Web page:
Back when he was merely a gubernatorial contender, Gov. Jay Nixon reacted to then-Rep. Jeff Harris’ entry into the race for attorney general in fairly simple terms. He said in 2007 that the Columbia Democrat would make a “super attorney general.”
When Harris used that line in an ad in 2008, Nixon’s campaign put out a statement that he had not endorsed anybody in the competitive four-way Democratic primary. Harris ended up coming in third place, behind second-place finisher Margaret Donnelly and eventual victor Chris Koster.
The episode showcased how reluctant Nixon can be when choosing to endorse people engaged in competitive primaries. That’s why his decision to emphatically endorse Rep. Lacy Clay (D-St. Louis) over Rep. Russ Carnahan (D-St. Louis) is getting so much attention in local and national political publications.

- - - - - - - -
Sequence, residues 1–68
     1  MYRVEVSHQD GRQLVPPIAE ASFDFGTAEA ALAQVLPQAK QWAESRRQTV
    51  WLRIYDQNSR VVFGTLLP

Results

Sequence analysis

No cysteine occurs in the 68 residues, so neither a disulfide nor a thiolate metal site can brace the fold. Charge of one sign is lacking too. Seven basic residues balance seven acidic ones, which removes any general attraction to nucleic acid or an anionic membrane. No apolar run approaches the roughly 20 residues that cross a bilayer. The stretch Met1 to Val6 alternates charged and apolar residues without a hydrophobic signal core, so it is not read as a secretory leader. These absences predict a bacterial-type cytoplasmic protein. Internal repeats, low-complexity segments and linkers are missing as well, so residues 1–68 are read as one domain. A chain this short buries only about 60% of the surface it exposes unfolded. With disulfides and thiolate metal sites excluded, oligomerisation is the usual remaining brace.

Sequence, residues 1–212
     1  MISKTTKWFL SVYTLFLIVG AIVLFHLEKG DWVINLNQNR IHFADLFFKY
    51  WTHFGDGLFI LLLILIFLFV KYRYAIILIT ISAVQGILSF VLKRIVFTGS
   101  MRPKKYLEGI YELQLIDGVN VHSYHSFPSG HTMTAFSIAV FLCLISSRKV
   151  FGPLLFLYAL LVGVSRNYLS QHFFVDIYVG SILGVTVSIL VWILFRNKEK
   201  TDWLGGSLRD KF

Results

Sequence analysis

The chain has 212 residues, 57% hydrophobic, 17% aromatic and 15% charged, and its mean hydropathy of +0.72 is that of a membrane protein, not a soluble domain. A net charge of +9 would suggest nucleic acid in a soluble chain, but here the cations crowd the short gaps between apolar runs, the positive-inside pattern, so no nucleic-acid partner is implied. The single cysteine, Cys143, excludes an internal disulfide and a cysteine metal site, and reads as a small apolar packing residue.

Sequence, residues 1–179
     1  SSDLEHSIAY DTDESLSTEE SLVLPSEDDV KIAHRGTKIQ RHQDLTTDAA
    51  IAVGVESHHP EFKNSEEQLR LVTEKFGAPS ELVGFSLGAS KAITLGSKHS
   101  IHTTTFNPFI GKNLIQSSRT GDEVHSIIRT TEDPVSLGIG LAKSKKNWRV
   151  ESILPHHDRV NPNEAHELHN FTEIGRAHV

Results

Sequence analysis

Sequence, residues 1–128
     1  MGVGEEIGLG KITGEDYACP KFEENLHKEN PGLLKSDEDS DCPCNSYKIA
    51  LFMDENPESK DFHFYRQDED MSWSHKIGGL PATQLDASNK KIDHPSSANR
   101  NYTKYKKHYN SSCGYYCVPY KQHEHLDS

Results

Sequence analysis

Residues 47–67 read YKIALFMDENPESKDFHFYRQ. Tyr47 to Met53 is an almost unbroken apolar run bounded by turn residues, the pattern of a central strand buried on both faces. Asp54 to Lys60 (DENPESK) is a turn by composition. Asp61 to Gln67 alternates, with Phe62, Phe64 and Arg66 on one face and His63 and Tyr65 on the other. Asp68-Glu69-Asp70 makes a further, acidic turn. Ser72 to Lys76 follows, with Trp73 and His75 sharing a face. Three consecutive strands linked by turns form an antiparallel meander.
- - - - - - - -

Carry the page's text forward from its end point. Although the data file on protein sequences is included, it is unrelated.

Plenty of people have delivered theories behind the first-term governor’s decision: Some have pointed to Nixon’s longtime friendship with Clay, while others noted that the Jefferson County native wants to avoid any conflicts with the African-American community in St. Louis.
Others, such as Politico reporter Dave Catanese, surmised that Nixon threw out the endorsement to spite Carnahan. From a logical standpoint, it’s not likely at the moment that Russ Carnahan, who barely won re-election last year to a Democratic-leaning House seat, or Secretary of State Robin Carnahan, who lost decisively in 2010 in her bid for U.S. Senate, will present a serious threat to Nixon's future political ambitions.
But it should be noted that Carnahan has plenty of financial resources to be a competitive candidate, especially in a market that could require television and radio ads to get a message out. Yet in a primary where prominent officials could hold both emotional and organizational sway, it can’t hurt that Clay managed to snag some of the Democratic Party’s most established names.